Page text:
They're right, of course. It is the quintessential Jewish story. It is a story of unspoken and inexplicable bonds. It is a story of shared destinies.

And as is true of this little country we call home, it's often impossible to know which part of the story is the real miracle, and which is the doing of extraordinary people. In the end, though, that doesn't really matter. When I light Hanukka candles this year, I'm going to be thinking of Dalia. Of Shiri. Of Dvir. And of Dvir.
I'm going to think of their sacrifice. Of their persistent belief. Of their extraordinary decency and goodness.

And as I move that shamash from one candle to the next, I will know that Shiri was right. These are not easy times. These are days when we really could use a miracle or two. So perhaps it really is no accident that now, when we need it most, Dvir is sending us all a hug from heaven above.

If you were as moved by this true story as I was, please go tell Dr. Gordis personally.

Posted by David Bogner on December 13, 2009 | Permalink | Comments (6) | TrackBack

Thursday, December 10, 2009

I can't believe I'm about to say this, but...

... I agree with Peace Now.  There, I said it.

Peace Now, for all their delusional nuttiness, occasionally says something sensible. 

Today, the Labor Party and Peace Now both came out strongly against Netanyahu's new 'Priorities Map', a plan which indicates where special government funding for education, infrastructure, employment and direct tax breaks will be allocated. 

The reason given for their dissatisfaction (to say the least) with the plan is that it includes many settlements in Judea and Samaria (the West Bank) where the average income is considerably higher - and where unemployment is slightly lower - than in many develoment towns inside the Green Line.

Personally, I was a little embarrassed to see my town listed among the communities that will benefit from this reallocation of government funds.  Sure it would be nice to see my kid's school get new computers, have the street signs and lamps updated, and to feel a little less of a tax bite on my paycheck.  But compared with many development towns on Israel's periphery (specifically in the south and north), my town is really doing quite well. 

So yeah... kol hakavod to Labor and Peace Now for calling Bibi out on a very poor prioritization of funds. 

However, what is missing from Labor's and Peace Now's outrage is the necessary acknowledgment that the sorry state of communities on Israel's periphery can be directly attributed to several generations of left wing Mappai / Labor governments' policies of systematically sending new immigrants from North Africa, Yemen, South America, 'Edot HaMizarach' and other less developed (meaning less refined) parts of the world, to the noisome, under-funded corners of the country, while more cosmopolitan immigrants from western Europe and North America were magically welcomed to Jerusalem and Gush Dan (Tel Aviv and its environs).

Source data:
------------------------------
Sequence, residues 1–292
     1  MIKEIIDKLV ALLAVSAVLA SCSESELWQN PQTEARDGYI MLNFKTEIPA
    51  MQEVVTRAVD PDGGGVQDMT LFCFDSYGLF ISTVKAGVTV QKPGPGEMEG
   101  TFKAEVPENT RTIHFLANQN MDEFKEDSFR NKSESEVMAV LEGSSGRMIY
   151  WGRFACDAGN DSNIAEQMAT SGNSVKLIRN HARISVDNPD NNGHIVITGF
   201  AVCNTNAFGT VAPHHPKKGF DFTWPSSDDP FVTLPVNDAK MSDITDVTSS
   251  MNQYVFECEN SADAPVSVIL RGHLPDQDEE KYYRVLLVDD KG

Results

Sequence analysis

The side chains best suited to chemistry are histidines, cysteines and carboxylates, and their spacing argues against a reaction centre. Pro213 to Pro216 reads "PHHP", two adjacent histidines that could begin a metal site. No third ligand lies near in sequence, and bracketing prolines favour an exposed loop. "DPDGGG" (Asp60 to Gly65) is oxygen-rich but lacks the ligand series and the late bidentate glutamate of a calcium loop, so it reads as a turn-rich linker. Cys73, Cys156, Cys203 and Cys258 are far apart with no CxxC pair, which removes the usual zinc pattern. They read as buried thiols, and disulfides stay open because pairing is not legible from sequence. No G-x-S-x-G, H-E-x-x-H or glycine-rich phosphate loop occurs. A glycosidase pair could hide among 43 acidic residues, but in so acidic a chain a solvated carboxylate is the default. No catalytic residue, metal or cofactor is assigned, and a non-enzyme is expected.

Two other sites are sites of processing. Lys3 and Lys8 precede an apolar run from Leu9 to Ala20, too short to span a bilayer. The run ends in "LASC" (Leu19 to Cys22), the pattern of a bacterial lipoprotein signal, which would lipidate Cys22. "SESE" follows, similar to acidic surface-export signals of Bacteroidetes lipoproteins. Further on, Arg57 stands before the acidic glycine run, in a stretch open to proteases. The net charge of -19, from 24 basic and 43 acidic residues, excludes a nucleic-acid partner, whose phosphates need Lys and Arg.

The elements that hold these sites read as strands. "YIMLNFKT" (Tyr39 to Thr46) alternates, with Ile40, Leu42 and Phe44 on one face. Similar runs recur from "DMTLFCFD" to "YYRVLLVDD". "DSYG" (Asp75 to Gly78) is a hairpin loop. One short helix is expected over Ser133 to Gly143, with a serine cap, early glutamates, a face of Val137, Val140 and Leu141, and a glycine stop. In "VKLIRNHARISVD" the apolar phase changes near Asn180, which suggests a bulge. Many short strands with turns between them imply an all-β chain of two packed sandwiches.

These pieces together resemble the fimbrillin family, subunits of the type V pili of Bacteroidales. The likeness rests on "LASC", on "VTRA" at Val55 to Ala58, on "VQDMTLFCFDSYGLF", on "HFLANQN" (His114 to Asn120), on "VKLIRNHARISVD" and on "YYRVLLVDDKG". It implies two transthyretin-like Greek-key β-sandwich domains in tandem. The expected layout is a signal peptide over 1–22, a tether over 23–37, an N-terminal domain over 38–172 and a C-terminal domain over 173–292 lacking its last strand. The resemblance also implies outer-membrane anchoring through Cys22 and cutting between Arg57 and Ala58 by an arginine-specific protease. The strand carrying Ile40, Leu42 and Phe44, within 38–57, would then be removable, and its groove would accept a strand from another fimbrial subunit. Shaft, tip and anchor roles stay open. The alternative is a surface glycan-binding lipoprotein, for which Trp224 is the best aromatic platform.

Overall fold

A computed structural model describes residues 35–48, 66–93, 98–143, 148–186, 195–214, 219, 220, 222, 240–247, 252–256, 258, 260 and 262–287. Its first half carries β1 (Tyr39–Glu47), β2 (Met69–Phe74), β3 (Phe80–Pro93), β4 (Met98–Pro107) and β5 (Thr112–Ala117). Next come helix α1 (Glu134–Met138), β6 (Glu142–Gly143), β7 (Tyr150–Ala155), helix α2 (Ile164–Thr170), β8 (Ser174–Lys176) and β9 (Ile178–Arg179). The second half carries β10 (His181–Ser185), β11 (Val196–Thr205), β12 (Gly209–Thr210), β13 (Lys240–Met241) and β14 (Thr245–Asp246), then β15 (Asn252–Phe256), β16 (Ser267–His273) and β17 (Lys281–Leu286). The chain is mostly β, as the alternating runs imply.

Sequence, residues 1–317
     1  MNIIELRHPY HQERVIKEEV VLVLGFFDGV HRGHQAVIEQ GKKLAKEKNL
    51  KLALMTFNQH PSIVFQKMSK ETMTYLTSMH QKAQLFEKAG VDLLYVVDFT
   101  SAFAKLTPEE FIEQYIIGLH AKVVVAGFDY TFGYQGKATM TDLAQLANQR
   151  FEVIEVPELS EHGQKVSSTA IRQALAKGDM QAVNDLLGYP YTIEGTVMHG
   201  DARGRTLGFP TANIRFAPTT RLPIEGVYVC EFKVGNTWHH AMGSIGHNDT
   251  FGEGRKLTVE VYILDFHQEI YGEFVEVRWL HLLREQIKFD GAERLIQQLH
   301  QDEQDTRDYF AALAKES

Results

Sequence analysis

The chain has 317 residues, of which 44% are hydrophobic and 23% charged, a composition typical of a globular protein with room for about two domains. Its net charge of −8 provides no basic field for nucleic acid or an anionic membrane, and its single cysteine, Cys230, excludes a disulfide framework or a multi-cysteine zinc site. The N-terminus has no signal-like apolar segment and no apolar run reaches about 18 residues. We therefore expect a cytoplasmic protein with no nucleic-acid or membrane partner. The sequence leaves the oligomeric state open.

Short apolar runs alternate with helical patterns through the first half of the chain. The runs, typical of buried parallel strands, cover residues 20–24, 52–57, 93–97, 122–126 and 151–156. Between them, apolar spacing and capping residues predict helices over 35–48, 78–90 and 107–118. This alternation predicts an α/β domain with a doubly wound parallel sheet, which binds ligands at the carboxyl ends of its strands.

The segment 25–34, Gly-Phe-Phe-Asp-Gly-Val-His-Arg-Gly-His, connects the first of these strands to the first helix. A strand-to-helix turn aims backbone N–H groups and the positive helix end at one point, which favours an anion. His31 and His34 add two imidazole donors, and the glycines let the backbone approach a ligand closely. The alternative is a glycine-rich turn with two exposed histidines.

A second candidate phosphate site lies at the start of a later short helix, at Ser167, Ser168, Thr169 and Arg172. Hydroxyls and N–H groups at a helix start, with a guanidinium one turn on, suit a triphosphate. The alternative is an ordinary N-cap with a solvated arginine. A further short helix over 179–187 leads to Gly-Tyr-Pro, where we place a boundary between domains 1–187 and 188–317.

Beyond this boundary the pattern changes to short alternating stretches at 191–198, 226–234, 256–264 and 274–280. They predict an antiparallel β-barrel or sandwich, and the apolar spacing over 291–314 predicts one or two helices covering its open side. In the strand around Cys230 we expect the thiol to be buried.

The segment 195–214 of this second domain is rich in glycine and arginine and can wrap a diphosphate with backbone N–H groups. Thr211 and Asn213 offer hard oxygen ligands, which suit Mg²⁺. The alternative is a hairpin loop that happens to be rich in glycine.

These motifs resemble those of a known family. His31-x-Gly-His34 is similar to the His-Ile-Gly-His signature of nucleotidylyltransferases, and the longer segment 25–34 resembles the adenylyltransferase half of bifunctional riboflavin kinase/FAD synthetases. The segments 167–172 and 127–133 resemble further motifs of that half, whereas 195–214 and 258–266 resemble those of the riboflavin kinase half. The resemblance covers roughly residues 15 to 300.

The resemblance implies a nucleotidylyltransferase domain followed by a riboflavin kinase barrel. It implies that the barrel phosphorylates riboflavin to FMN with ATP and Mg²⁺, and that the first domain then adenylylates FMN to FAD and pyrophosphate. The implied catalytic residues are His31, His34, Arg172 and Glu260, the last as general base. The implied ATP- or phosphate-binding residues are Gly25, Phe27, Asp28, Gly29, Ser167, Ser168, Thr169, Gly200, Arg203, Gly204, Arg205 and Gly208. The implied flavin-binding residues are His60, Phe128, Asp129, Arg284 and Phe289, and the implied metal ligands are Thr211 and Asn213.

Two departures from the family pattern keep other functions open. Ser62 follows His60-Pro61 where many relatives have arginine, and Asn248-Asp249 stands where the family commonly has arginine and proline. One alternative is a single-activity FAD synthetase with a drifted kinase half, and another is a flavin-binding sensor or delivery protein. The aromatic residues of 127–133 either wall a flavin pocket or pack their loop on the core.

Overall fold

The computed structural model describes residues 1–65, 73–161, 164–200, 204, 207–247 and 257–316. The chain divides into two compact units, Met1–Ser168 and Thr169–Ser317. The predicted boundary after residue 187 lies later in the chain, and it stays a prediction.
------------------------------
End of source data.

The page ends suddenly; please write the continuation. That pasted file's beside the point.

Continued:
My point is that, yes, it is laudable that the Labor Party and Peace Now are suddenly interested in making sure that the state's limited 'priority' funds are directed towards those who most need them.  But it comes off as just a tad suspect when those very communities are in such dire straights specifically because of the callous (racist, even) immigration and social welfare polices of the left.

I suspect that this hand-wringing we're seeing from the political left has more to do with the fact that evil settlers stand to see a windfall from Bibi's new priority map, than about suddenly deciding to champion Israel's poorer sectors.

Just my 2 cents.

Posted by David Bogner on December 10, 2009 | Permalink | Comments (2) | TrackBack

Wednesday, December 09, 2009

[soon to be] on the road again...

Back in June I mentioned in passing that I'd been invited to speak at the Limmud Conference, a week-long, multi-disciplinary, Jewish learning festival that takes place in the UK each year during the last week of December.

In June, December seemed as far away as the era of flying cars and unisex silver jump suits.  And yet, here we are in December... and Limmud is just a couple of weeks away!  Guess I'd better finish working on my sessions, huh?

This is just a quick post to encourage anyone who will be in the UK then, to register for Limmud... and to sign up for my session!.  Seriously, there are some really heavy hitters scheduled to be speaking, and I'm worried that people are going to be skimming down the session registration lists and be all like, "Rabbi, university president, novelist, scientist, publisher,Nobel Laureate, treppen-what?  Who the heck is that??!"

I'm scheduled to give the following sessions:

Sun Dec. 27th   1100-1210: "Everything you didn't know about Aliyah"
This session should be of interest to anyone with even a fleeting interest in moving to Israel.  Basically I'm giving you a chance to learn from my mistakes.  :-)

Tue Dec. 29th   1530-1640:  "So you want to be a Jewish Blogger"
The dos and don'ts of blogging (again, a chance to learn from my mistakes), as well as a discussion of how to use social media to advocate for Israel and Jewish causes.